Skipping over some high-profile efforts by Janet Jackson (The Velvet Rope) and Bjork (Homogenic), big-sellers from The Lighthouse Family (Postcards From Home) and Natalie Imbruglia (Left Of The Middle), plus the now-ubiquitous Life Thru A Lens enjoying its post-Angels rebirth for Robbie Williams, we land on the Moon Safari at the beginning of 1998.

It was the very first album featured here on afdpj, way back in July 2017, as I began a countdown of my Top 100 Of All Time (which, typically, has changed rather a lot since then).




(Q134) November 1997

Apparently released at the end of 1997, I first became aware of The Space Between Us the following February. A happy synchronicity saw a friend of mine draw my attention to a guest appearance by The Blue Nile’s Paul Buchanan (a reworking of their Hats album cut Let’s Go Out Tonight) just as a local independent store (sadly short-lived) had a card sleeve promotional copy of the CD in its racks. A fiver, you say? Deal!

Craig Armstrong’s orchestrations and soundtrack activities had been attracting acclaim since his work with Massive Attack on their 1994 opus Protection, and variations on the musical themes of those tracks formed part of The Space Between Us along with revisits of the excerpts from the score to Baz Lurhman’s Romeo & Juliet from 1996. The centrepiece, however, must surely be This Love, an absolutely gorgeous, stately ballad with guest vocals from Cocteau Twins’ Elizabeth Fraser no less.

Sarah Brightman had the good sense to record a faithful cover of it a couple of years later for her La Luna project. And it still sounded heavenly.




(Q140) May 1998

It’s to Massive Attack themselves we move onto next, although Q were not overly enamoured with the outfit’s third long player. Granted, Mezzanine was exploring much heavier textures and claustrophobic soundscapes than either Blue Lines or Protection, but come on…it has Teardrop, Risingson and Angel for starters. Tricky’s departure meant a less trip-hoppy feel, as 3D and Daddy G turned up the intensity and made the beats even heavier.




(Q153) June 1999

Nothing from the second half of 1998 makes the cut (nearly misses from The Cardigans, Placebo and the belated UK launch of Sarah McLachlan’s Surfacing), and even this Moby pick from 1999 didn’t get properly going until the following year.

Appropriately enough for a release on the Mute label (in conjunction with V2), Play got off to a very quiet start, initially peaking just outside the UK Top 30. Then as the new millennium dawned, the outside-the-box promo strategy of licensing as many tracks from the album as possible to TV and Film companies finally paid rich dividends. Play became literally ubiquitous.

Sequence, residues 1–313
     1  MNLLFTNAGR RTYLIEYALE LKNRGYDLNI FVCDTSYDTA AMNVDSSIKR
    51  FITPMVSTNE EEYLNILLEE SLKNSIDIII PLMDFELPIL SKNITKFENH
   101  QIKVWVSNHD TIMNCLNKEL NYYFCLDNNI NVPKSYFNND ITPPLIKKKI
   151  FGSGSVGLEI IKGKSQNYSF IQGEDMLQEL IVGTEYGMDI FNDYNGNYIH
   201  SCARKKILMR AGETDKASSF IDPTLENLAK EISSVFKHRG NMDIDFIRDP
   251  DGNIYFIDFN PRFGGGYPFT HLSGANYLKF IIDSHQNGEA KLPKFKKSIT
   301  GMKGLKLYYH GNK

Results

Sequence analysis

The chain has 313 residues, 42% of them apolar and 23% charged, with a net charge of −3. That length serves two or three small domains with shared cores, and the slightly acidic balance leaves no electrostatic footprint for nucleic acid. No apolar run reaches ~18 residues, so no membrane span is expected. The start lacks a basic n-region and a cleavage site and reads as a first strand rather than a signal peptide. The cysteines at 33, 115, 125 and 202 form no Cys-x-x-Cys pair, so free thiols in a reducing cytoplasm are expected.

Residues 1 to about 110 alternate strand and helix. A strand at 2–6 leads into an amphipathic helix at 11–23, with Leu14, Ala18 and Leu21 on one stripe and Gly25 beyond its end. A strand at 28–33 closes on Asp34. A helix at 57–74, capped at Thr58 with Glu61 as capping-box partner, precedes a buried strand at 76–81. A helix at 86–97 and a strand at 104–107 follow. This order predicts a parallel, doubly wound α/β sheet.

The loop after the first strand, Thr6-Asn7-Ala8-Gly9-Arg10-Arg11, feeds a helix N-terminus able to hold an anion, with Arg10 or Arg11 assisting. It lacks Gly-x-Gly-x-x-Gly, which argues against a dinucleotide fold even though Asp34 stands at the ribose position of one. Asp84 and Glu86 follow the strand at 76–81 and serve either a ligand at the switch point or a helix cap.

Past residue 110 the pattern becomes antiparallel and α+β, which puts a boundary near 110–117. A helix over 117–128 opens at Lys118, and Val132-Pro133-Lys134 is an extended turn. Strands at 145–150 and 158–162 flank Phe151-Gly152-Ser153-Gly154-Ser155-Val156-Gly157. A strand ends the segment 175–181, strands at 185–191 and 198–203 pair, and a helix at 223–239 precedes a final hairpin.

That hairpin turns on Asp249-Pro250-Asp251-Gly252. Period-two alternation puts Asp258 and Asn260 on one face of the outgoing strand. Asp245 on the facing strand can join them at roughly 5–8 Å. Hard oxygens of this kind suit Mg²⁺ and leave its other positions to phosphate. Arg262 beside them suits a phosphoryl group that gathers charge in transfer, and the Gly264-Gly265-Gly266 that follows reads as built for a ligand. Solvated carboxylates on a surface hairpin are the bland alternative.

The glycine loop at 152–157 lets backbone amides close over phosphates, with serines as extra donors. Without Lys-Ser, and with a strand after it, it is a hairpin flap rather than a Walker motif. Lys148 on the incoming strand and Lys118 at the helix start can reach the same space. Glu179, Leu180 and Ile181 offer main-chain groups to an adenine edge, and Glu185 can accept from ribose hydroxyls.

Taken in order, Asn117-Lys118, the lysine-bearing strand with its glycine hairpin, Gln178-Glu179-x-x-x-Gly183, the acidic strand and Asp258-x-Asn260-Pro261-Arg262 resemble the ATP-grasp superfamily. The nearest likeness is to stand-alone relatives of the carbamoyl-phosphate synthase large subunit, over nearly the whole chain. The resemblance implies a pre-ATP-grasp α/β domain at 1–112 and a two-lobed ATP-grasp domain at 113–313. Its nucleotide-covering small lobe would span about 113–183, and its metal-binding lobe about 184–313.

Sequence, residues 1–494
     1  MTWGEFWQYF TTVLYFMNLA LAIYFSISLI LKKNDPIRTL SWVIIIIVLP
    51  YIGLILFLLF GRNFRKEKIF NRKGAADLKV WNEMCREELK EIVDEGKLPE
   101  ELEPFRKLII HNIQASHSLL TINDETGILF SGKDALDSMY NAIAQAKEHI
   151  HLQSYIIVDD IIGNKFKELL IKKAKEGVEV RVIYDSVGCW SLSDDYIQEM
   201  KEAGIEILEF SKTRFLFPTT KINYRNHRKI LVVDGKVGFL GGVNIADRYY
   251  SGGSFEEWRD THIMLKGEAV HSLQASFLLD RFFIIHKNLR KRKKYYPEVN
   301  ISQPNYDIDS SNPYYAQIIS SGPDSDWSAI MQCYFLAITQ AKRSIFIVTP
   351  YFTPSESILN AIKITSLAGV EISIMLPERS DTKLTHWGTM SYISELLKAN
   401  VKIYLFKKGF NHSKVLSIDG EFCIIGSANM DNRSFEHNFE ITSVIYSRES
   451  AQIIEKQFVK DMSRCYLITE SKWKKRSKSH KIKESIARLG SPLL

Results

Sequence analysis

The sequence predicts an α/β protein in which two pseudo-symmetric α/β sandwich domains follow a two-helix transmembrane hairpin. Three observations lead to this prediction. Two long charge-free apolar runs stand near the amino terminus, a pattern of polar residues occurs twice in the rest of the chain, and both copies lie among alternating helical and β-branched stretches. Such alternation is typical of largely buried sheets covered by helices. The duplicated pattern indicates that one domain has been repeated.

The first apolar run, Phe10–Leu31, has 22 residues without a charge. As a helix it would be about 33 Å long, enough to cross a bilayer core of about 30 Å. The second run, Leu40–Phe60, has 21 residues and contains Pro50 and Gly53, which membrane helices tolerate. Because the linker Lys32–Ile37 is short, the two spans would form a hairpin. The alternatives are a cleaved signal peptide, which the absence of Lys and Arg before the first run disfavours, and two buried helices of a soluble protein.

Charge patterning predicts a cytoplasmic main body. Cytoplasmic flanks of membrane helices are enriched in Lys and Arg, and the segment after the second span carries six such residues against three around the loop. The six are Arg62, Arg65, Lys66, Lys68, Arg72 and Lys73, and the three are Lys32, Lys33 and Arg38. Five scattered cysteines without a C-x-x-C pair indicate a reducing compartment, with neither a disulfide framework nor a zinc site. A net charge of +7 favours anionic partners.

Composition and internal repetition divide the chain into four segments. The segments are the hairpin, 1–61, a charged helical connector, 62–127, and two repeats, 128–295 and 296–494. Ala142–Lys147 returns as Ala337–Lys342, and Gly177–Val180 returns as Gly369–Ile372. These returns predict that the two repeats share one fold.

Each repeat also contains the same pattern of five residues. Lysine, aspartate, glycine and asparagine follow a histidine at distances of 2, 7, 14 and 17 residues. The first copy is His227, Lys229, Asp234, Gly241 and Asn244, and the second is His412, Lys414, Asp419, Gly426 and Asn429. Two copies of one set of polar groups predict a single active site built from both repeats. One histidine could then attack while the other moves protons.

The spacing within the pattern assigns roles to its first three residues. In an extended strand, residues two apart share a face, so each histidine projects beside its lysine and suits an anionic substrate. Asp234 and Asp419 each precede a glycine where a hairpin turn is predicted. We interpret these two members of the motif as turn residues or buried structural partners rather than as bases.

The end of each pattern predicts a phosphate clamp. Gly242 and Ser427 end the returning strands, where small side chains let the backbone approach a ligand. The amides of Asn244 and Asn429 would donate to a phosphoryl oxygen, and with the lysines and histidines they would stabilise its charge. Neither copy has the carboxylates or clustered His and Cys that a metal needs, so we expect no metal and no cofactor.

A good 50% of the songs were also released as singles, some more than once and some later ones in new versions (buzz act of the moment, Kelis, recorded a fresh vocal for a remixed Honey in 2000). It was unavoidable….but also unavoidably good.




(Q165) June 2000

Don Henley’s first solo album of all-new material eventually surfaced in May 2000, and Q were not as impressed as they’d been with The End Of The Innocence, declaring Inside Job as “tastefully-executed self-flaggellation and finger-pointing”. Ouch.

They did however have a point about its bloated length, at 13 tracks and almost 70 minutes it seemed to a be victim of too much material from too many different sessions and periods of time over the previous decade. The majority of it is actually fantastic, easily on a par with his other work, but there was no real focus to the promotional campaign; no single, and so no hits in sight.

Taking You Home was a sort-of US radio success, and in another era the likes of They’re Not Here, They’re Not Coming, Workin’ It, Nobody Else In The World But You and The Genie would have slotted seamlessly into the Billboard Hot 100 listings (The Boy Of Summer aside, Henley never really caught on as a singles artist in Britain anyway).




(Q169) October 2000

Another slow-burning gem on the Mute label, Felt Mountain snuck out towards the close of 2000, to very little fanfare (and even less commercial impact at first). Q summed up the album perfectly: “Stirring and magnificent. Equally serene and sinister, Felt Mountain is a beautiful album.”

My write-up for its inclusion on my Top 100 Albums Of All-Time could not agree more.